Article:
Poor Health Care Facilities Push People Abroad

Midway to the airport along Phnom Penh’s Russian Confed­eration Boulevard is the partially built Royal Phnom Penh Hospital.

When the $30 million facility is com­pleted next year-—filled with 100 beds, cardiac and brain specialists, and top-of-the-line equipment—it will be Cambodia’s finest medical facility.

Royal Phnom Penh will dwarf its sibling facilities in Siem Reap and near­by Tuol Kok district and, in many ways, be indistinguishable from the Thai hospital that operates all three in Cambodia. And that is precisely the point: to convince ill Cambodians—the ones who can afford it, that is—that they don’t need to go to Thailand or Vietnam or Mal­aysia or Singapore to get top-notch treatment.

If all goes as planned, the hospital, staffed with doctors from the Philippines and Pakistan, might be the first step to keeping Cam­bo­dian patients in Cambodia.

It is not altogether surprising that those who can, seek medical treatment abroad, as there are a great many maladies that cannot be treated here and which require all-too-common medical evacuation.

Among the many who leave for health care abroad, the best known is retired King Norodom Sihanouk, whom Chinese doctors have successfully helped fight B-cell lymphoma in Beijing. And Dr Heng Taikry, secretary of state for the Ministry of Health, flew to Singa­pore when he had a stroke earlier this year.

“We don’t have enough human resources,” admitted Dr Taikry. Otherwise, he insisted, “it’s the same standard…. For example, at Calmette [Hospital] we have the same equipment as Singapore: Two CT scans, angiography; we can do everything they do.”

And yet, people board buses and planes to get to hospitals in Ho Chi Minh, Bangkok, Singapore and beyond. “The middle [class] go to Viet­nam, the rich go to Singapore, the poor stay [here],” Dr Taikry said. “We have enough hospitals; we don’t have enough materials and human resources.”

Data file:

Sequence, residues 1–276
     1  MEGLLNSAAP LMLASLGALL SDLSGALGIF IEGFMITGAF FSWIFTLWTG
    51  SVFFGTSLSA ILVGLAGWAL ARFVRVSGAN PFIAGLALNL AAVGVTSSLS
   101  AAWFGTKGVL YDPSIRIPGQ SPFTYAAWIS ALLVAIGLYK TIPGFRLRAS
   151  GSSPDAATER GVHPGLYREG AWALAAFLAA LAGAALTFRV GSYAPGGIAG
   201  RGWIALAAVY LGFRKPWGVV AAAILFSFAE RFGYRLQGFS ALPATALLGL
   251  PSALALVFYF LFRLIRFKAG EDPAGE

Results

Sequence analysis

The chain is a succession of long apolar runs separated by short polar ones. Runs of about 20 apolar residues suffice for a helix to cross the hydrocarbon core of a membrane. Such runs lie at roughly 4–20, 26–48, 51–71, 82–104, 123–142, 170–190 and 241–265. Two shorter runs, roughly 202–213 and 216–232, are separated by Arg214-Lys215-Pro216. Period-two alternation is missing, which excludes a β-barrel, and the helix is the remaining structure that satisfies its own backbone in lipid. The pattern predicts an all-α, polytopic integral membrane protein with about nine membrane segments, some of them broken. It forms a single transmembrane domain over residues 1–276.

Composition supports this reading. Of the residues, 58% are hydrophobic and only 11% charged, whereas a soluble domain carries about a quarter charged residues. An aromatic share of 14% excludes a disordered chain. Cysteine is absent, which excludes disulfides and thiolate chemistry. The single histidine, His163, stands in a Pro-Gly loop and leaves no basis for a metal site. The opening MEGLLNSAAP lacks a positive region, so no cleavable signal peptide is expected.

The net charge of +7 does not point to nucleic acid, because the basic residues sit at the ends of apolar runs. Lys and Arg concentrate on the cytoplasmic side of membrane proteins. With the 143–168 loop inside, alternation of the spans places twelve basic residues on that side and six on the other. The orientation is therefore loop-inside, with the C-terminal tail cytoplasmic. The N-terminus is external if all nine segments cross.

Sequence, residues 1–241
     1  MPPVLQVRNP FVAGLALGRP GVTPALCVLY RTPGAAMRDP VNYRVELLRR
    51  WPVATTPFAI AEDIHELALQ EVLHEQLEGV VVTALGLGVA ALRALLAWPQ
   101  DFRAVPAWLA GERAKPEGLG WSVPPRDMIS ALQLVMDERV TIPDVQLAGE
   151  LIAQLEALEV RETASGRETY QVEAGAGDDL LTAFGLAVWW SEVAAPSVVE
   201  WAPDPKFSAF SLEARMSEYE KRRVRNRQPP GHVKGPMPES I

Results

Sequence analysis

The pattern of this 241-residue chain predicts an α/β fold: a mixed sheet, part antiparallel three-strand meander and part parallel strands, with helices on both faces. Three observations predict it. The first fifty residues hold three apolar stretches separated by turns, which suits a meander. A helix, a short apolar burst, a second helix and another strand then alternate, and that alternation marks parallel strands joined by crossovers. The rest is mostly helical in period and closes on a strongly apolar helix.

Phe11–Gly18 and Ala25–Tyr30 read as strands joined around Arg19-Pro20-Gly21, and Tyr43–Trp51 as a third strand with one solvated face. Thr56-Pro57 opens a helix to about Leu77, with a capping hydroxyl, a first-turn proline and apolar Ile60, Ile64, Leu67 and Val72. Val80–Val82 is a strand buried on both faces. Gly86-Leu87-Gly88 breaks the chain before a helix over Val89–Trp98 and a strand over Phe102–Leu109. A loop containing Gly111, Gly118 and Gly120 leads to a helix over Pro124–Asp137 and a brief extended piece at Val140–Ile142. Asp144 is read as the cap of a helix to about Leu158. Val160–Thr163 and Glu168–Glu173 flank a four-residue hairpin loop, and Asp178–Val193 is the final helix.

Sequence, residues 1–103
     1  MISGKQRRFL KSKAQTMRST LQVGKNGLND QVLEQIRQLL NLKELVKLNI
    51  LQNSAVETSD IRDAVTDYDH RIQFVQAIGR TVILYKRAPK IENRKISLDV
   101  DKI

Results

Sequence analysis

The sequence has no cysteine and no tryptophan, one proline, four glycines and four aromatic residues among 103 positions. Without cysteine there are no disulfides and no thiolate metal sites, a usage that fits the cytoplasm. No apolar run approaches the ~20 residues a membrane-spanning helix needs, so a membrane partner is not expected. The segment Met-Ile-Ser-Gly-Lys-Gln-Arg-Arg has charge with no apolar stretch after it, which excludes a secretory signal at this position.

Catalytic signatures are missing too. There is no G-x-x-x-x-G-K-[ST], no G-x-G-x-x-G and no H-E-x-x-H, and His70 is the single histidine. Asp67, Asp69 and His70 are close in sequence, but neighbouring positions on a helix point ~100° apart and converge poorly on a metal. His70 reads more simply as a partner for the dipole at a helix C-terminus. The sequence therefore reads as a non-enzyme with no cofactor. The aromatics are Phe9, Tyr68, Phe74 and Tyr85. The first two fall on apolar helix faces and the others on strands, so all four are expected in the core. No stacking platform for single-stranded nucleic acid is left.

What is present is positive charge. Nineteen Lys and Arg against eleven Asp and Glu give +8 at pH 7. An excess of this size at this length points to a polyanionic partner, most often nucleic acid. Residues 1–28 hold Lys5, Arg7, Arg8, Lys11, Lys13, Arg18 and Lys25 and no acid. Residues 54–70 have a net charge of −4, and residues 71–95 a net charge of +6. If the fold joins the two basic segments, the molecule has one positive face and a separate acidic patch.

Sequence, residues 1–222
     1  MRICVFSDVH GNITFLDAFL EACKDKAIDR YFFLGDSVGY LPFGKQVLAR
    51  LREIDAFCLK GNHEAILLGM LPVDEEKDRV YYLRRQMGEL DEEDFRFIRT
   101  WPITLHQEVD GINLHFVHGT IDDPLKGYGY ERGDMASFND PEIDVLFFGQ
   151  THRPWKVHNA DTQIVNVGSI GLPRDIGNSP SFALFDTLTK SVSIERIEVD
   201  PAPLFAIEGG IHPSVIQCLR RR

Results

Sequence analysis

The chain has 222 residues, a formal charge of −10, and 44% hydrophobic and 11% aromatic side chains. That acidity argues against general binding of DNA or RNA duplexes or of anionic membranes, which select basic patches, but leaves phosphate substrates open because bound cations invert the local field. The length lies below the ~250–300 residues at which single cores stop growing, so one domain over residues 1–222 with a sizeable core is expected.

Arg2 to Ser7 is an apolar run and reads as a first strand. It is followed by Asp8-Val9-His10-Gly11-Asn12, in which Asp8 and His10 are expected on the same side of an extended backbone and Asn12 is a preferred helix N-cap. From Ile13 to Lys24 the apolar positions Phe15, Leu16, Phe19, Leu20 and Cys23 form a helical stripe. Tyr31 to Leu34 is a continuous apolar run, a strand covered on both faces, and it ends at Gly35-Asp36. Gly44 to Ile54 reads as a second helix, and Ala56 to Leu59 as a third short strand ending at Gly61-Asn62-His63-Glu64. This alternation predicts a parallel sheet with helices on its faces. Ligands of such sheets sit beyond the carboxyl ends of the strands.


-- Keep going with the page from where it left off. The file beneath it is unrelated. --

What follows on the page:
Despite the investment in buildings and equipment, it is the human resource issue that may prove most difficult

The bulk of the nursing staff and “key personnel” at Royal Rattanak Hospital in Tuol Kok, which is the sister facility of forthcoming Royal Phnom Penh, are Thai. Some doctors are Cambodian, but many are foreign.

“The health care sector will take a long time to develop,” said Sueb­pong Intralawan, deputy director of Rattanak.

“You can develop business in Cam­bodia easily—if an investor comes here, done. But the development of human resources takes time, it is difficult to catch up with speed,” he said.

And Rattanak, with its 70 patients a day, is small potatoes compared to the places people are willing to fly to for medical treatment. Bum­run­grad, the best known of the Bang­kok hospitals frequented by foreigners, sees 400,000 patients a year.

But even when Rattanak tries to emulate the posh amenities of Bangkok—its lobby resembles a hotel, for instance, and patients get a meal with their checkups—the most basic necessities of keeping standards high require logistical wrangling.

“It takes time to import medical supplies,” said Dr Suebpong. “For ex­­­ample, most medication has to be imported from Vietnam. Then we have to translate from French,” he said, referring to the language that accompanies most of the medicine.

If Cambodia could manage to reverse the flow of patients leaving the country, siphoning back the middle class from Vietnam and the rich from Singapore, it might be the start of a much needed and profitable service.

The Ministry of Health was unable to provide data on the number of Cambodians who travel abroad each year for treatment.

Worldwide, medical travel is a multibillion-dollar industry, according to industry expert Josef Wood­man, who notes that: “While Cam­bodia’s health care infrastructure continues to improve, we would not yet view it as a desirable medical tourism destination.”

In a 2008 study by consulting firm McKinsey, it was found that 32 percent of medical travelers are those who “seek better care than they could find in their home countries, which are often in the developing world.”

Then there is the srising-tides school of thought, which holds that more money sunk into health care at the top levels im­proves facilities even at the bottom.

At least in one health sector, dentistry, Cambodia has managed that sort of reversal.

Through a concerted effort to stay abreast of developments in the sector, Cambodian dentists have managed not only to keep their pa­tients at home, but are now even lur­ing foreigners seeking more competitive prices than in their home countries.

“Compared with medical service, most Cambodians go to Vietnam or Thailand. For dental treatment, most Cambodians stay,” said Poch Sophearoth, former president of the Cambodian Dental Association and head of two private clinics in Phnom Penh.

“We always have the conferences and meetings and seminars. We always encourage our dentists to strengthen our quality,” he said.

“We are afraid [of being] like the medical sector,” he added.


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